- Sleep Products
- How Sleep Works
- Sleep Resources
How often does this happen to you? You hop into bed, turn out the lights, get cozy under the covers, and then … nothing. Your mind is racing, your body is wired, and you can’t fall asleep. If this is something that happens to you a lot, you might need a healthier bedtime routine.
“Bedtime routine” probably brings to mind flannel PJs, bedtime stories, and getting tucked in and kissed goodnight. But a bedtime routine — a simple, relaxing ritual that you stick to every night — can improve sleep for kids and adults alike.
It’s simply a way to train your brain to start winding down for the night. Life is hectic, and your brain isn’t just going to flip to “sleep mode” because the clock says it’s time to go to bed.
Take a look at what you’re doing in the hour or so before bedtime. Stimulating activities like tidying the house or answering emails can make it harder to fall asleep. The same goes for kids. Doing homework or playing video games right before bed can keep kids amped up and unable to fall asleep. A little transition time, where you focus on calming activities, can make a huge difference when it’s time to turn out the light and go to sleep.
What your bedtime routine looks like is totally up to you. And it doesn’t have to be elaborate. 30 minutes to an hour should be enough time to calm your mind and prime you for a good night’s sleep.
Some ideas to try:
If you’ve never tried journaling, it can be a great way to decompress after a stressful day. Keep a notebook and pen on your nightstand, so you can write a few things down before bed. Putting your worries down on paper can help get them off your mind.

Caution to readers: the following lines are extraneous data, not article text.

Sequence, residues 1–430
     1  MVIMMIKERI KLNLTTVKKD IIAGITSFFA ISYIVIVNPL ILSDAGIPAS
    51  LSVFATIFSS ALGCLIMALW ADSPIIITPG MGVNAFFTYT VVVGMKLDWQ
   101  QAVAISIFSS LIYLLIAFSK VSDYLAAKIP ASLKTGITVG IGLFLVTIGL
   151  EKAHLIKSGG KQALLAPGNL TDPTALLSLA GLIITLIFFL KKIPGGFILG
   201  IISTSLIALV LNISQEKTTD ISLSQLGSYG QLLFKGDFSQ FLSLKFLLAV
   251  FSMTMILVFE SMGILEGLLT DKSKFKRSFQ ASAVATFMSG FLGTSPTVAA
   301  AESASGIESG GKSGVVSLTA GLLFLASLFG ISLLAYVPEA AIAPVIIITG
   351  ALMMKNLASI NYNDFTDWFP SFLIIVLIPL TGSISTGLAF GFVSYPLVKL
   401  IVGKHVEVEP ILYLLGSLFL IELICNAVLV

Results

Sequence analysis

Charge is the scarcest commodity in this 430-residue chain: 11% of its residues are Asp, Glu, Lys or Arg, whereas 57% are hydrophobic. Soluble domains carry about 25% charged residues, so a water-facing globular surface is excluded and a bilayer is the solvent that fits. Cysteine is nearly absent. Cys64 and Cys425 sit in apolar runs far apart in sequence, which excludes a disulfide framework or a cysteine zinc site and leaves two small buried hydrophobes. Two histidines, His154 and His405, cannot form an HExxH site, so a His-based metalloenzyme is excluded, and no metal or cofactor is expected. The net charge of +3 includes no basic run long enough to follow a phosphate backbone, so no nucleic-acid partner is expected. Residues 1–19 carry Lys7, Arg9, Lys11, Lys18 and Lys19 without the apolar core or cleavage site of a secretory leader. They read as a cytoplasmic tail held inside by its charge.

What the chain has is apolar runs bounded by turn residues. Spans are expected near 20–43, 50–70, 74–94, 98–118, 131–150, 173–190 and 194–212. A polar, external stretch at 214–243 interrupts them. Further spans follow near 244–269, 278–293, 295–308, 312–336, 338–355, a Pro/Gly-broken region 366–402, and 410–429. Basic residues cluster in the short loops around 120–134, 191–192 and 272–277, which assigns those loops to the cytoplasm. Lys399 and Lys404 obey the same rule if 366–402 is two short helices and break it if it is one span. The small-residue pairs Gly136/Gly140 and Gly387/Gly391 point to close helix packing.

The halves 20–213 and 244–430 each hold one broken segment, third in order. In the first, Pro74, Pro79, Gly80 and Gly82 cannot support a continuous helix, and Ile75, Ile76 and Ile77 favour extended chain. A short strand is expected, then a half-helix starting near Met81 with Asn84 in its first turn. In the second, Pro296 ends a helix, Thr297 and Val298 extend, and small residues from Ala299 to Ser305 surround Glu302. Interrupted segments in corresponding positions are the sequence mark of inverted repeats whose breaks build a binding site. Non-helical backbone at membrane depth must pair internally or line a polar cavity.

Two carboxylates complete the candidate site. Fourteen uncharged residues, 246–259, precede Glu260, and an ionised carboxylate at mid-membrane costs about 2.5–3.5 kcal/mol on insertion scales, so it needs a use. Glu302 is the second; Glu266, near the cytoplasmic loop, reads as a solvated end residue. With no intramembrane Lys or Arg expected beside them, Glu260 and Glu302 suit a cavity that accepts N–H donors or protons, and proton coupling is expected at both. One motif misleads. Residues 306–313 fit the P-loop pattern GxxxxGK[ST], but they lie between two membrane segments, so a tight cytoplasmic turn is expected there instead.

Whatever your bedtime routine looks like, the most important thing is that it should be simple, relaxing, and consistent.
Now that you know what a healthy bedtime routine looks like, here are some ideas for how to start doing it.
Set an alarm. Decide what time you want to go to bed, and set an alarm for 30 minutes before. When the alarm goes off, that’s your signal to start powering down for the night.
Dim the lights. That helps signal to your body that it’s time to sleep.
Just say no to electronics. Our devices are great for a lot of things, but sleep isn’t one of them. Ideally, you should turn off all electronics at least 30 minutes before you want to go to sleep. It can be hard to break the habit of watching TV or looking at the internet before bed, but it helps if you have something to replace it with. Try listening to music or a podcast instead.
Skip the nightcap. A couple of drinks near bedtime might seem like a good idea, and it may even make you drowsy. But alcohol disrupts your sleep in a variety of ways, from causing night sweats and snoring to making you need to get up and pee more often.
Don’t go to bed with a full stomach. Try to have your evening meal at least 2 to 4 hours before you want to go to bed. A bedtime snack is okay and can work as part of your routine, but keep it light.
Be consistent. It’s not a “routine” if you don’t do it the same way, at the same time, every night. Consistency is the key to training your mind and body to shut down for the night. That means sticking to the routine on weekends as well.
Ask any parent, and they’ll tell you sleep battles are one of the biggest challenges of parenthood. Kids need lots of sleep, but wrangling them into bed (and keeping them there) isn’t always easy. A relaxing but structured bedtime routine can really help with this.
Same as for adults, keeping the routine simple and consistent is key. The more lengthy and complicated it is, the less likely you are to stick to it. The American Academy of Pediatrics has a program called Brush, Book, Bed that promotes the idea of a simple nightly routine — brushing teeth, reading books, going to bed — to help your child develop healthy sleep habits.
A bedtime routine that works well for young children consists of bathtime, brushing teeth, putting on pajamas, reading books, giving hugs and kisses, then going to sleep. It’s simple and soothing, and it primes kids for sleep. Again, what the bedtime routine consists of is totally up to you — maybe you skip books but sing songs instead. The important thing is doing it at the same time, in the same order, each night.
Maybe you fall asleep as soon as your head hits the pillow most nights. Maybe your kids go to bed without so much as a peep. If so, lucky you. But a relaxing, consistent bedtime routine is still a good idea — whether it’s to correct sleep issues, or just to ensure that you don’t have them in the future. Now off you go — time for bed.